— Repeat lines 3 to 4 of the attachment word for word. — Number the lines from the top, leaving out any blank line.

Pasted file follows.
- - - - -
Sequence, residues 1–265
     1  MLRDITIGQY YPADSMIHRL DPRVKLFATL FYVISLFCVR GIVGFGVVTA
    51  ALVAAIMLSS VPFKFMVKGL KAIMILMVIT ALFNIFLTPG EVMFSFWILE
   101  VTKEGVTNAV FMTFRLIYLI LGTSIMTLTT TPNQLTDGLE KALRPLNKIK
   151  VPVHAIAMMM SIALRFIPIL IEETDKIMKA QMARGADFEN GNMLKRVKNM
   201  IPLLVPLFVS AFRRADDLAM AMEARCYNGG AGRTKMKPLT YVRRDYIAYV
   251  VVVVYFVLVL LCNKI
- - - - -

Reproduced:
    51  ALVAAIMLSS VPFKFMVKGL KAIMILMVIT ALFNIFLTPG EVMFSFWILE
   101  VTKEGVTNAV FMTFRLIYLI LGTSIMTLTT TPNQLTDGLE KALRPLNKIK